FOMO? Forget about it!

Last week at the Digital Book World Conference in Nashville, Tennessee, SIL LEAD Executive Director Dr. Paul Frank spoke about what digital publishing has to offer languages without literature.

“Languages without literature… what are those?” you might ask, as you wonder what other glorious insights you might have missed by skipping another (admittedly hectic and overwhelming) conference.

Don’t worry – we’ve got you covered!

Not only are we providing a link to the slides from Dr. Frank’s talk (complete with cool pictures and charts), but we’re giving away the bullet-point version right here on this webpage. And you don’t even have to take a flight, book a hotel room, or make small talk at a buffet table!

Let’s get to it!

A Life WITH or without Books: Digital Publishing is the Answer for Languages without Literature

  • Dr. Frank began his talk by asking us to imagine what our lives would have been like without books. He drew the audience’s attention to the Lani Language Group of Papua, in Indonesia. 180,000 people speak Lani, but until very recently they had a grand total of ZERO books. Can you imagine? That would be as if the entire population of Providence, Rhode Island had zero books. Ouch! And that’s only one of 700 living, indigenous languages in Indonesia!

  • Thanks to the charity Remote School Papua and others, the Lani group now has digital books. Here’s a video of some kids reading a talking book in Bloom:

  • Dr. Frank then reminded the people at this publishing conference that while they knew what it was like to serve a crowded market, they should try to imagine all the languages with few or no books—adding that there are over seven thousand languages in the world, with thousands that, just like the Lani, have no books of their own.

  • 310 of these languages are disappearing, as their last remaining speakers die out. But what do we lose when that happens? Dr. Frank quotes Kantuta Conde, a young Aymara woman in Bolivia who recently said:

“ Language is the main form of interaction with our environment. Words preserve stories, traditions, culture, and identity. The indigenous languages represent the legacy of our grandmothers and grandparents. Our obligation is to take care of them because when an indigenous language disappears, the indigenous traditional knowledge…also disappears. Moreover, indigenous languages consist of accessing a world of culture and a different conception of the world. The treasure of indigenous languages is a heritage that should not be lost.”

  • She’s right!

  • So what can we do?

  • We can write books!

  • When we bring books to a language community that’s never had them, it’s like a light bulb turns on for the first time in a new part of the globe.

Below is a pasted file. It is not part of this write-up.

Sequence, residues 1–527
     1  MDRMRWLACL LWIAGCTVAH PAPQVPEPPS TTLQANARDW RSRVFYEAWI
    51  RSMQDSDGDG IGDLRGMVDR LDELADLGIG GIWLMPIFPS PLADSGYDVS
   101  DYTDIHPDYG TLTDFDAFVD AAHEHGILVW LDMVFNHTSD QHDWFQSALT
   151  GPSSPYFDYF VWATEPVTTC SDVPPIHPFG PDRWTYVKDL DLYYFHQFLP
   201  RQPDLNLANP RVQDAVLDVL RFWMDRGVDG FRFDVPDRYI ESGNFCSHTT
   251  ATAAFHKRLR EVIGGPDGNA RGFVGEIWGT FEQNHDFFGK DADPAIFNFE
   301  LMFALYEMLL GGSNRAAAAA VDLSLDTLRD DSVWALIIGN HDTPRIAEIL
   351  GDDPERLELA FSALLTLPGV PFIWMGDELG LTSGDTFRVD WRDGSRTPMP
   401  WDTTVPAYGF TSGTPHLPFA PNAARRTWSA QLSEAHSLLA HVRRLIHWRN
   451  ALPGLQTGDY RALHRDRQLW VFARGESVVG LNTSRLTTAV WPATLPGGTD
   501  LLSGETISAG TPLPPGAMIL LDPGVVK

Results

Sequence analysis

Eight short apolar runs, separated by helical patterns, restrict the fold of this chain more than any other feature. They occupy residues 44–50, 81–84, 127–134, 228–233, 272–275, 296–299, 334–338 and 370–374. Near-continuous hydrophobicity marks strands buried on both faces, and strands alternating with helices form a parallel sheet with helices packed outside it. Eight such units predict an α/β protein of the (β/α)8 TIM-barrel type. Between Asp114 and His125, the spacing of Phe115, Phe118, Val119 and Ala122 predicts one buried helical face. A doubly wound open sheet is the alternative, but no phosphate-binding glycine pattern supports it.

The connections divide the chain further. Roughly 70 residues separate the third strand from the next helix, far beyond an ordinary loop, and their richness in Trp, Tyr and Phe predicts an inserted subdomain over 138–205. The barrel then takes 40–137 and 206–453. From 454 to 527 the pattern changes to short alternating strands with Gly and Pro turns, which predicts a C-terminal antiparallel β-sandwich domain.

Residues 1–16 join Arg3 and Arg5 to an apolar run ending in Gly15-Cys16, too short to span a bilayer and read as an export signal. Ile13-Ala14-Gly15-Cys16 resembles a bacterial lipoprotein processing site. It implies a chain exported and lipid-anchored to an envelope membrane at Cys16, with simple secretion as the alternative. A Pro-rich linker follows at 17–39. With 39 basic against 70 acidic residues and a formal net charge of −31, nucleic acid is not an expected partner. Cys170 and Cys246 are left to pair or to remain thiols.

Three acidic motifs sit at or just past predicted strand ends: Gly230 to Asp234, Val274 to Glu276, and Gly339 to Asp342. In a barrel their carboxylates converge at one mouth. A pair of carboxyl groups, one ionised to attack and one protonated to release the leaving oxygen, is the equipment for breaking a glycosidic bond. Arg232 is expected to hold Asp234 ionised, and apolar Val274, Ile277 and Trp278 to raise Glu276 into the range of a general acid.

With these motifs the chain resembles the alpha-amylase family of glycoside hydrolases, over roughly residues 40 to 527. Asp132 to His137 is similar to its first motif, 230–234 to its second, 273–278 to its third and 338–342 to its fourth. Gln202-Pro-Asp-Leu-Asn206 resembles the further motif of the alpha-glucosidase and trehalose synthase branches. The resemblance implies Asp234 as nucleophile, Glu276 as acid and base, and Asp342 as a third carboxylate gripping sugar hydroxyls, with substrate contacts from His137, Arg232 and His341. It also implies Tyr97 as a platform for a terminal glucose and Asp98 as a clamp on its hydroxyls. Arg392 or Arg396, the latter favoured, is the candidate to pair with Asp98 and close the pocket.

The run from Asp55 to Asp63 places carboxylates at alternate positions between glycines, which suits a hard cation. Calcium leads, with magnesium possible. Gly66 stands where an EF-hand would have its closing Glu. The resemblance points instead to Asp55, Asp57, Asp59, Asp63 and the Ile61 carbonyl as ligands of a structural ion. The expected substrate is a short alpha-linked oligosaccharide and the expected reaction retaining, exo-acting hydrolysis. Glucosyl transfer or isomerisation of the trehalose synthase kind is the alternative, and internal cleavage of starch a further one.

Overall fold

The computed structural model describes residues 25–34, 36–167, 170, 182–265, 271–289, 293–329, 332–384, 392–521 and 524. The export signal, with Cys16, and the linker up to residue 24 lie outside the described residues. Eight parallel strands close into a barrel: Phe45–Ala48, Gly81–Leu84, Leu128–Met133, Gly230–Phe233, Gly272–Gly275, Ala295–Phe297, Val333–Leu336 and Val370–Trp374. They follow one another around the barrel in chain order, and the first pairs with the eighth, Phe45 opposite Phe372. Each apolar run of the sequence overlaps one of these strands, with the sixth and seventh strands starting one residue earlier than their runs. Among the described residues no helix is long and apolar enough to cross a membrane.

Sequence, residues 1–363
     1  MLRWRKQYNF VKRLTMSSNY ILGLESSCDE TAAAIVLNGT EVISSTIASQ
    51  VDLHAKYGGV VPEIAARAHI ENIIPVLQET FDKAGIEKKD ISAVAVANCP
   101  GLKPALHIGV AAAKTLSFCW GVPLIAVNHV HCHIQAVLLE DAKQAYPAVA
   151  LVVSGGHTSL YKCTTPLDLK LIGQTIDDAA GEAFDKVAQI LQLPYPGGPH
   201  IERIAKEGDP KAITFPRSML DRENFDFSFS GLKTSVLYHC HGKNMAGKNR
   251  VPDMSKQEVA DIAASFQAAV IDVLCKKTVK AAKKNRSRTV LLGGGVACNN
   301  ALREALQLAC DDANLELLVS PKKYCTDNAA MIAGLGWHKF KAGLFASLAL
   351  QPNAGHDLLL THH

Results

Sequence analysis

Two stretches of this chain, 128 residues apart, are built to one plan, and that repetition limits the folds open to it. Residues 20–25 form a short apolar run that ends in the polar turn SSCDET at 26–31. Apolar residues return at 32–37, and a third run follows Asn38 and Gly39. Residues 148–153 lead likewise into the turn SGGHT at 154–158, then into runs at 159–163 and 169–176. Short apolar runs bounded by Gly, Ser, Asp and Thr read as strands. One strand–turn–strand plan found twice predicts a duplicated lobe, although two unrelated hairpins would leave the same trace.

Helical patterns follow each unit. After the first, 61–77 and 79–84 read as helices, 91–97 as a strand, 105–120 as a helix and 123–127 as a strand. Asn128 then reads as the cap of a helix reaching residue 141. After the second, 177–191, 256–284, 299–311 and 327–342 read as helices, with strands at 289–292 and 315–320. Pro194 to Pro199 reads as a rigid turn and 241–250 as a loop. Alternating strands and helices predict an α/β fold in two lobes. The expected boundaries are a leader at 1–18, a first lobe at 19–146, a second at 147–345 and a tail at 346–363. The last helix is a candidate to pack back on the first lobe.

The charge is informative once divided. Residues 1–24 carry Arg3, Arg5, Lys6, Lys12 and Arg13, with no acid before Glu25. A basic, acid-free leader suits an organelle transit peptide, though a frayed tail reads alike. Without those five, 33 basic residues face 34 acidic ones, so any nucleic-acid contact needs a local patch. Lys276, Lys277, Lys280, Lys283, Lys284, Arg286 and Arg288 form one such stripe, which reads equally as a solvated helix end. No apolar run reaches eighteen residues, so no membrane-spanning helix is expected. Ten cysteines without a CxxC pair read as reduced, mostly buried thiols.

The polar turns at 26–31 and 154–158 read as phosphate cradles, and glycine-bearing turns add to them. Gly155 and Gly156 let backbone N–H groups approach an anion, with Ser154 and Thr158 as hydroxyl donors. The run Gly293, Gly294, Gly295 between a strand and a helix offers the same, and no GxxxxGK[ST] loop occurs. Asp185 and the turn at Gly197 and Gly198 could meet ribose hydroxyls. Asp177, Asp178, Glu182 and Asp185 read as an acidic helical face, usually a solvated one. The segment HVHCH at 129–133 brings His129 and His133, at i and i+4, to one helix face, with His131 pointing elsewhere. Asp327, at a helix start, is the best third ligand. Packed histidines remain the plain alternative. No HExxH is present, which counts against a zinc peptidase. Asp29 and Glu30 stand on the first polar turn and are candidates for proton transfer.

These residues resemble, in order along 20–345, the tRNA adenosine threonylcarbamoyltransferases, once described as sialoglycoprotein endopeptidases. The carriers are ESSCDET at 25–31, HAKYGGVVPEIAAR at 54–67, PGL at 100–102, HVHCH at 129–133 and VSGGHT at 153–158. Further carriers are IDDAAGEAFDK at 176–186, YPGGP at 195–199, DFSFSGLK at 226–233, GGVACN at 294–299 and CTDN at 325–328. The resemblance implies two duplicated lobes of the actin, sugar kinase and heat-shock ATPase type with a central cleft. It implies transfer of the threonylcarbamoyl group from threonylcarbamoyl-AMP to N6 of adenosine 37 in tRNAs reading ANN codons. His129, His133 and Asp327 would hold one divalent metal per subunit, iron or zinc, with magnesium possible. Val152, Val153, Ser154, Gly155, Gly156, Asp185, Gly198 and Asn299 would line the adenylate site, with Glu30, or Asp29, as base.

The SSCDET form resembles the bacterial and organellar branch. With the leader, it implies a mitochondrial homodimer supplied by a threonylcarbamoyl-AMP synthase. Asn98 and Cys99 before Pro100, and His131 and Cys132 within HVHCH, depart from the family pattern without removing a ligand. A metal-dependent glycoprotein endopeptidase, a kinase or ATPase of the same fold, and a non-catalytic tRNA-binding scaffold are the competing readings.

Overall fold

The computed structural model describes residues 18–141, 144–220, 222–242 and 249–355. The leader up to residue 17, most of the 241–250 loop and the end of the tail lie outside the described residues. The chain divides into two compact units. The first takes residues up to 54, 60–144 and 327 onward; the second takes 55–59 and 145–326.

• 40% of the world’s population (2.8 billion people) speak 7006 languages, with a median community size of 29,000 speakers. That’s a huge untapped market. Print runs for markets of that size are cost prohibitive, but digital publishing can bridge the gap and make literature available to millions of people.

  • This is possible because access to digital technology is increasing rapidly all over the globe, and the cost of mobile internet has gone down dramatically. In fact, many developing countries have cheaper rates than the U.S.!

  • Another way that digital publishing is a game changer is that it allows people within these smaller language communities to create local content. This means they can preserve their culture through books, and then, as they do, they can move from the familiar to a growing understanding of the wider world. This allows them to maintain what’s already valuable to them, while at the same time engaging the global community.

books.jpg


  • This is where SIL LEAD’s Bloom software comes in!

  • In a podcast interview at the conference, Dr. Frank summed it up nicely when he said that “the task was to build something so simple that if you can use a mouse and you can type—you can build a book in Bloom. It took the… outsider out of the equation for people creating their own literature.” He added that “by the end of day one [of a Bloom training], people have created a book” (check out the rest of the podcast below, then come back for the rest of our bullet points).

  • Next, Dr. Frank shared some amazing facts about Bloom. For example, nearly 10,000 registered users worldwide are creating and sharing books locally and globally. And Bloom Library now has more than 5,000 titles in 200 languages and is growing steadily.

  • He added that Bloom’s simple interface has been localized for more than 20 languages—including two Mayan languages spoken in Guatemala! This increased accessibility continues to expand, with specialized tools for creating leveled books, talking books for the visually impaired, and sign language books. In fact, it’s possible to have a single Bloom book page with text, audio, images, and video!

A Bloom story page with illustration, text,  and  video.

  • In concluding his talk, Dr. Frank challenged the attendees at the conference to become involved in transforming and preserving the minority languages of the world by becoming sponsors of the Bloom platform individually, and by engaging through Cause Marketing or through Corporate Social Responsibility.

  • He said that anyone who wished to know more could text “Bloom” to 484848.

So there you have it! And you didn’t even have to deal with jetlag, and stale croissants at the continental breakfast!

Still, Dr. Frank would love to see you at the next conference where he presents. He’ll shake your hand and together you can dig a little deeper into the possibilities of digital publishing with Bloom.

See you there!